Russian Soldiers Accused Of Murdering Tajik Taxi Driver Sent To Moscow
Two Russian soldiers accused of killing a taxi driver in Tajikistan have been sent to Moscow for psychological testing. And while the commander of the Russian military base has personally apologized to the family of the victim, his relatives are concerned that the suspects' return to Russia may mean they won't face justice in Tajikistan.
Rahimjon Teshaboev, a 36-year-old taxi driver, was killed in August; his body was discovered near a lake with his throat slashed. Police arrested two suspects, both soldiers at the Russian military base, Fyodor Basimov and Ildar Sakhapov.
An unnamed source told the Tajik service of Radio Free Europe/Radio Liberty that: "They committed the crime according to a prearranged plan after ... Basimov became indebted to Teshaboev, owing him 50,000 rubles [about $1,300], but couldn't repay the money. Consulting with his comrade Ildar, they tried to 'solve the problem' August 16. But the first time they didn't succeed, and on August 18 they offered Teshaboev 'to go fishing.' Next to a lake at the village of Chimtep, Fyodor held the driver while Ildar cut his throat."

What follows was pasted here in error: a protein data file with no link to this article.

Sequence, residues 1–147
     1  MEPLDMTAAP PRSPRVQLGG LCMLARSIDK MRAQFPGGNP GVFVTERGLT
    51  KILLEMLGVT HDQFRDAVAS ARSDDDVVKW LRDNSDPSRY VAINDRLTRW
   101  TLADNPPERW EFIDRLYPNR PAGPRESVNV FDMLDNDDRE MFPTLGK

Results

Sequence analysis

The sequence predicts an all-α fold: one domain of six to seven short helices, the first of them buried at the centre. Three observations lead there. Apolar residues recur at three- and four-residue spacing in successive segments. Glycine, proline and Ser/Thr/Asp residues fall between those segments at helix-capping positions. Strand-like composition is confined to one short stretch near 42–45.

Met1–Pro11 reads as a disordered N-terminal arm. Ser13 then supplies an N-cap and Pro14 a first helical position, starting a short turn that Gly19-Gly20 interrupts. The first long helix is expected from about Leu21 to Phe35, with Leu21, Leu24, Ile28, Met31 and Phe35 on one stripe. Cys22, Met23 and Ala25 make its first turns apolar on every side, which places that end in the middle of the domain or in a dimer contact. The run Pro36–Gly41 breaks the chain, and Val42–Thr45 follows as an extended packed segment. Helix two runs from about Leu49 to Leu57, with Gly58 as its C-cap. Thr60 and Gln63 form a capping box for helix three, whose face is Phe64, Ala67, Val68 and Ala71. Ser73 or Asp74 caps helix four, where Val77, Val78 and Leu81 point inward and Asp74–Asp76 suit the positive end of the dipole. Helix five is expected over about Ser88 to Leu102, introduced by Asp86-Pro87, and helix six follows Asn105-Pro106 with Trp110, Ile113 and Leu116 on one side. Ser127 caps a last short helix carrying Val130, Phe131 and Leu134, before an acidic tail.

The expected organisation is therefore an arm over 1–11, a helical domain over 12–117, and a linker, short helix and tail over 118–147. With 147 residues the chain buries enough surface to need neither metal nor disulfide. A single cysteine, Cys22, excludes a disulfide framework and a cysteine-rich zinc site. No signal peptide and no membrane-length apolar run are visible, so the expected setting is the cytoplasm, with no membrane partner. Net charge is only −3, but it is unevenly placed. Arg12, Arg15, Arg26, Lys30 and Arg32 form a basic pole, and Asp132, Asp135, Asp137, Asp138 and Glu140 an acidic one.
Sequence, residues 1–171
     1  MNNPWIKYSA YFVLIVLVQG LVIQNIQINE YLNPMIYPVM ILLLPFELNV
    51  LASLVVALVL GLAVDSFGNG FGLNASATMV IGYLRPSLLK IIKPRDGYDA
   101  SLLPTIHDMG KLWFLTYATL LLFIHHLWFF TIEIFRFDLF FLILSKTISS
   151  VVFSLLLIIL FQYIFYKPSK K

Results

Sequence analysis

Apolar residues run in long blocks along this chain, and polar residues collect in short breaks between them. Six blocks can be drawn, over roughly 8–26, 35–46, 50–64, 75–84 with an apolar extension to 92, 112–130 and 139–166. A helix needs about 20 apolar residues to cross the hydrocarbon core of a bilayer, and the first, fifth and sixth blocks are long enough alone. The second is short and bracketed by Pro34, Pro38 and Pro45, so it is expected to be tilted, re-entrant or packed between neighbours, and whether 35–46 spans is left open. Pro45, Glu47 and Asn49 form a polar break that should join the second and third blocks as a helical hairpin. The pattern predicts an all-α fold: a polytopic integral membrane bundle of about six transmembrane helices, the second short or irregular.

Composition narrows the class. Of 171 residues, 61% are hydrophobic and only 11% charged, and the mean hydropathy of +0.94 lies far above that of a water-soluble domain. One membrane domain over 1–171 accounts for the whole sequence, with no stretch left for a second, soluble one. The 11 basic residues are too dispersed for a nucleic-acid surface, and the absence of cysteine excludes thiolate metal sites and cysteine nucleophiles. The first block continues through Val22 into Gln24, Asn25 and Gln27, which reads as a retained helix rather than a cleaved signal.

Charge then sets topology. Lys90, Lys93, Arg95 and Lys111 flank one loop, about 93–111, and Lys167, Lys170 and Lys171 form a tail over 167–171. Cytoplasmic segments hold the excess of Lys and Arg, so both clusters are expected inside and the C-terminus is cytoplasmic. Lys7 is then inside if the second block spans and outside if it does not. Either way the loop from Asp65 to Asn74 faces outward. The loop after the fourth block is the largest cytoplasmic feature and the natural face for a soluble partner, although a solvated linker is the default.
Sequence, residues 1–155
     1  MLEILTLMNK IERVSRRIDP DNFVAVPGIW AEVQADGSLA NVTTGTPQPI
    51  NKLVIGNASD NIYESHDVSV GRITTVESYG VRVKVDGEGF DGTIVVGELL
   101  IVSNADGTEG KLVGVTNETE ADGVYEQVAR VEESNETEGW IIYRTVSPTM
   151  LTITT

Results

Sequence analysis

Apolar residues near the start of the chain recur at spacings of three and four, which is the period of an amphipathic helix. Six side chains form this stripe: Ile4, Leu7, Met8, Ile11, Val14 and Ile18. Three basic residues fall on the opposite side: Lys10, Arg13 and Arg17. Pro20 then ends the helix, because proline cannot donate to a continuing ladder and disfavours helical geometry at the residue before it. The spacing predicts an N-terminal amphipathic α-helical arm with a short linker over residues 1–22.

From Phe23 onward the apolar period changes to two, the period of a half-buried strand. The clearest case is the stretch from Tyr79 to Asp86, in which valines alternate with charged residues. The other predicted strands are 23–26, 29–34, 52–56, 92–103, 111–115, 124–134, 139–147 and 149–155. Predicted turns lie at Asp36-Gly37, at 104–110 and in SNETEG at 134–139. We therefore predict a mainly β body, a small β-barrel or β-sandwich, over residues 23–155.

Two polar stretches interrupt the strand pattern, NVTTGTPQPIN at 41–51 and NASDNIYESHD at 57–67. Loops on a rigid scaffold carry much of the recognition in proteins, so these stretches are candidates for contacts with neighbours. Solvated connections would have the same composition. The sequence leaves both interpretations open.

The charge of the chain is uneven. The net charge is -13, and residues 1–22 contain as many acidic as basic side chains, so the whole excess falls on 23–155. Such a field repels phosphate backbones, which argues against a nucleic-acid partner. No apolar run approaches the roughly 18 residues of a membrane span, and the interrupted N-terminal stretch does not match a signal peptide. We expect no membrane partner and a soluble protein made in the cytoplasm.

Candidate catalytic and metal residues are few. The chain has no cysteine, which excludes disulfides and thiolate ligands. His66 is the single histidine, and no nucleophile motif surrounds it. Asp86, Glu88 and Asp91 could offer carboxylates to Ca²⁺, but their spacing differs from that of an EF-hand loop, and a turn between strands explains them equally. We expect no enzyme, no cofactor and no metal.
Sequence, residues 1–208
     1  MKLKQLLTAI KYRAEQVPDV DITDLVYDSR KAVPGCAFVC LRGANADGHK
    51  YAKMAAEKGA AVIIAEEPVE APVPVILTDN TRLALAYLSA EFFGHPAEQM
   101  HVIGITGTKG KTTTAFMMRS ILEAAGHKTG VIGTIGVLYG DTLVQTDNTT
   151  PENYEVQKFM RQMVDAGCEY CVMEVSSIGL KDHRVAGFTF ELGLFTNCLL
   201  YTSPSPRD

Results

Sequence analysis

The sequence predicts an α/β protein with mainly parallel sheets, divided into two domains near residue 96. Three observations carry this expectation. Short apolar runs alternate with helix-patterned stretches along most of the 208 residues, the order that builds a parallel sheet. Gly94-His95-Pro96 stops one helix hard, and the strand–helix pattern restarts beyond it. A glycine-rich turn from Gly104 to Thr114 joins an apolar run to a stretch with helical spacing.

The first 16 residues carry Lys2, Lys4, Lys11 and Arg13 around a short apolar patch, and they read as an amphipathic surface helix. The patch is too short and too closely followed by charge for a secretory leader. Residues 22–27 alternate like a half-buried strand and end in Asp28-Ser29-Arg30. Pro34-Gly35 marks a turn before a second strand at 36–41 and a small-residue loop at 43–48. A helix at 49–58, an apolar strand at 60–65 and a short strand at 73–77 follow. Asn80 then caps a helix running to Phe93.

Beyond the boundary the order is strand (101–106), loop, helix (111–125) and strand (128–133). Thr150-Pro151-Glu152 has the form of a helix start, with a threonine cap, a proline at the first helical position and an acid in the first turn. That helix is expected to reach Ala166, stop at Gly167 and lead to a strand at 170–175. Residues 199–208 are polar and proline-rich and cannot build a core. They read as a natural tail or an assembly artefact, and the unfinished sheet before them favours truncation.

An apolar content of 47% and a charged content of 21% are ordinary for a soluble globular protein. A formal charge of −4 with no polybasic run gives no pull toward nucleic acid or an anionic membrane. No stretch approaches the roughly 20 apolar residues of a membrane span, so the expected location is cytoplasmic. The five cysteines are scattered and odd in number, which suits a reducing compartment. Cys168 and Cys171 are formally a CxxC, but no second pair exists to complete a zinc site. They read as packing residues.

(It's perhaps worth noting that this story seems to have not been heavily covered in either the Russian or Tajikistan press, but that BBC Russian and RFE/RL have been leading the coverage.)
Last week, relatives of the victim told RFE/RL that they were told that the two suspects are being transferred to Moscow for psychological tests. "Relatives fear that Basimov and Sakhapov can in this way escape criminal prosecution," the service reported. But the commander of the base visited the family and personally apologized "in person and in writing."
After a lengthy negotiation, an agreement extending the base's presence until 2042 was ratified last year. The agreement apparently specifies "the status of the Russian military base personnel [and] its jurisdiction" but it's not clear what the agreement stipulates with respect to criminal jurisdiction when a Russian soldier commits a crime in Tajikistan.
Apart from the legal issue is the political one, and we'll see if the episode, as RFE/RL suggests, "could cause tension between Russians and Tajiks."
Joshua Kucera is the Turkey/Caucasus editor at Eurasianet, and author of The Bug Pit.
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